For an ideal glacier, ice flow through a cross-section must exactly balance the accumulation and ablation taking place (Benn and Evans, 1998, 142). The difference between the total gains and losses measured over a specified time refers to the mass balance. Mass balance is usually measured over the course of a year which computes the sum of all the annual accumulation and ablation (Benn and Evans, 1998, 75). The velocity at which a glacier moves whereby its Mass Balance is 0 represents the point at which its inputs (through accumulation) equals its outputs (through ablation) and is termed the Balance Velocity (Figure 3).


Figure 3: (Left) Balance Velocities for Antarctica as illustrated in Bamber et al (2009). (Right) Actual velocities across the ice sheet as measured by Rignot and Thomas (2002).

As every individual basin is rarely in balance, the actual velocities of glaciers/ice streams across Antarctica shows that many glaciers have velocities in excess of their balance velocity and many are less than their balance velocities (Figure 3, right).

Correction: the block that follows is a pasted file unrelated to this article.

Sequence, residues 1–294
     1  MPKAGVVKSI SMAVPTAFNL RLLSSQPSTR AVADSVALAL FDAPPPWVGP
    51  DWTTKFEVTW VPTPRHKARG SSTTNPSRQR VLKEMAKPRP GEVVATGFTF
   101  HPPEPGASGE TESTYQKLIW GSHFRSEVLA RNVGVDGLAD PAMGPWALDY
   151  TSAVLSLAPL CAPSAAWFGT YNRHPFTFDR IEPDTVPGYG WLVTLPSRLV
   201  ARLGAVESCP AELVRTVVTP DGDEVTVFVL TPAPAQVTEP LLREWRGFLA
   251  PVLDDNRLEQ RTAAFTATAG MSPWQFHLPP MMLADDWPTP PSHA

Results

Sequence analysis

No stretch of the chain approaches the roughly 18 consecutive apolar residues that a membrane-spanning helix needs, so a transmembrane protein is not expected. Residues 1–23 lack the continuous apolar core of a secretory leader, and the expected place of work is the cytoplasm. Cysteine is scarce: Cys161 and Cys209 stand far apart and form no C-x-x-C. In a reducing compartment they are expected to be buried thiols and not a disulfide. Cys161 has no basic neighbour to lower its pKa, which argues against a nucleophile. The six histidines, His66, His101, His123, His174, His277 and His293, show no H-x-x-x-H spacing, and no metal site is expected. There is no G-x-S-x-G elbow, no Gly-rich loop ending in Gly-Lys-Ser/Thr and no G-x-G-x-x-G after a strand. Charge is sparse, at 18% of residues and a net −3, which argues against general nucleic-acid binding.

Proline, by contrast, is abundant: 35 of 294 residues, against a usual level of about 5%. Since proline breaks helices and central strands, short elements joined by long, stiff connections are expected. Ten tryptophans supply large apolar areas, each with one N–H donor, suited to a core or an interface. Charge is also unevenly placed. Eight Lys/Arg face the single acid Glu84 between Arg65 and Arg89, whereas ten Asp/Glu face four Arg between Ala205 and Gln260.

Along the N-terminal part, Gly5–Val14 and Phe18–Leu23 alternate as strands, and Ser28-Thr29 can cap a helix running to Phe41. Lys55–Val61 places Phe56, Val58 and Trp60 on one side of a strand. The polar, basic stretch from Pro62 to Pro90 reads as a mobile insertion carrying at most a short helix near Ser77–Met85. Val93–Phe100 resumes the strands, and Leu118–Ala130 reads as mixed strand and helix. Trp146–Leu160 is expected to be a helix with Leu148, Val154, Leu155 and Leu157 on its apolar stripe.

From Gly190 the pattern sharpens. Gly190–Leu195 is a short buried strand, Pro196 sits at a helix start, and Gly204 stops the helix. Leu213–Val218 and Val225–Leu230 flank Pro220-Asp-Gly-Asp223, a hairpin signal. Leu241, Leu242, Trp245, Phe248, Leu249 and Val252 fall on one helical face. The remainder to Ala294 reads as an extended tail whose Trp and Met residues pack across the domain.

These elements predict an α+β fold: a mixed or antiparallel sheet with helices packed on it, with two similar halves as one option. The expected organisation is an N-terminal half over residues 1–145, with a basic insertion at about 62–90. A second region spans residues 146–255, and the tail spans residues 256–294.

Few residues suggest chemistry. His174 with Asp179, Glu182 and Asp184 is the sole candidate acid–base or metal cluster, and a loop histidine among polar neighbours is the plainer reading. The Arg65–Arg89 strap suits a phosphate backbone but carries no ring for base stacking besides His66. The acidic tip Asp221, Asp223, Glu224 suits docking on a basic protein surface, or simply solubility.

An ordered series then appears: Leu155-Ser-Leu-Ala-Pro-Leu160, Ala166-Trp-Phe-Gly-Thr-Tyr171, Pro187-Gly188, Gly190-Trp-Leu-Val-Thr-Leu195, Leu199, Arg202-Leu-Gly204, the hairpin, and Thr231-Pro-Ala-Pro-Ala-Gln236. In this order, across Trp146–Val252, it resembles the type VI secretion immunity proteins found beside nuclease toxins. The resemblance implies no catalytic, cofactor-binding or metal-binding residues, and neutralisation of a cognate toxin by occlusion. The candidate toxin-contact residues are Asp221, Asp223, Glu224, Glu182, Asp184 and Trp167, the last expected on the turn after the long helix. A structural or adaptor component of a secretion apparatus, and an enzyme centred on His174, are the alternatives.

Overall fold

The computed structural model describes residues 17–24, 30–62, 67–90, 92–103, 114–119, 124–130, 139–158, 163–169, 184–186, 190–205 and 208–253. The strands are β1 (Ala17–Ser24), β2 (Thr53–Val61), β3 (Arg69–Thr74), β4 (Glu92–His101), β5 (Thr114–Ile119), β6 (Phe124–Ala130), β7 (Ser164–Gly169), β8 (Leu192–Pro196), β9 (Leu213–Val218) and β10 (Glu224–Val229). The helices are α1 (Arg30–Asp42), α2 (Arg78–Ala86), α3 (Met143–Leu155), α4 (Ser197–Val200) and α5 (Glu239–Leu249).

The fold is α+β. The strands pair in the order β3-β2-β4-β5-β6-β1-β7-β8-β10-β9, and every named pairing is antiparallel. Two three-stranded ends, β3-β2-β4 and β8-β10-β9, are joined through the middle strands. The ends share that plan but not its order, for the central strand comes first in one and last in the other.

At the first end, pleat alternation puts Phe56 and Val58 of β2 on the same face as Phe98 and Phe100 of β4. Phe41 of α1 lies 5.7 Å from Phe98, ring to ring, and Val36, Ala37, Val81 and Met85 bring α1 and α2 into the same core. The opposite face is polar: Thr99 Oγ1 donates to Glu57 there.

The question of balance velocities brings us to one of the most important points of this post. When a glacier is in balance or flowing at its balance velocity, net mass will remain balanced. However, when a glacier accelerates while near or at its balance velocity, the outputs resultantly increase but the inputs do not, thereby shifting the glacier regime to one of negative mass balance or net ice loss. This situation is particularly important because accelerated ice flow is the key method through which the Antarctic ice sheets incur a net ice loss. Accelerations such as these occur through two primary mechanisms. The first of which is caused by water reaching the bed of a glacier which results in less frictional forces opposing glacier movement. This mechanism has been observed in Greenland as being caused by increased surface melt water reaching the glacier's bed resulting in accelerated ice flow (Bell 2008).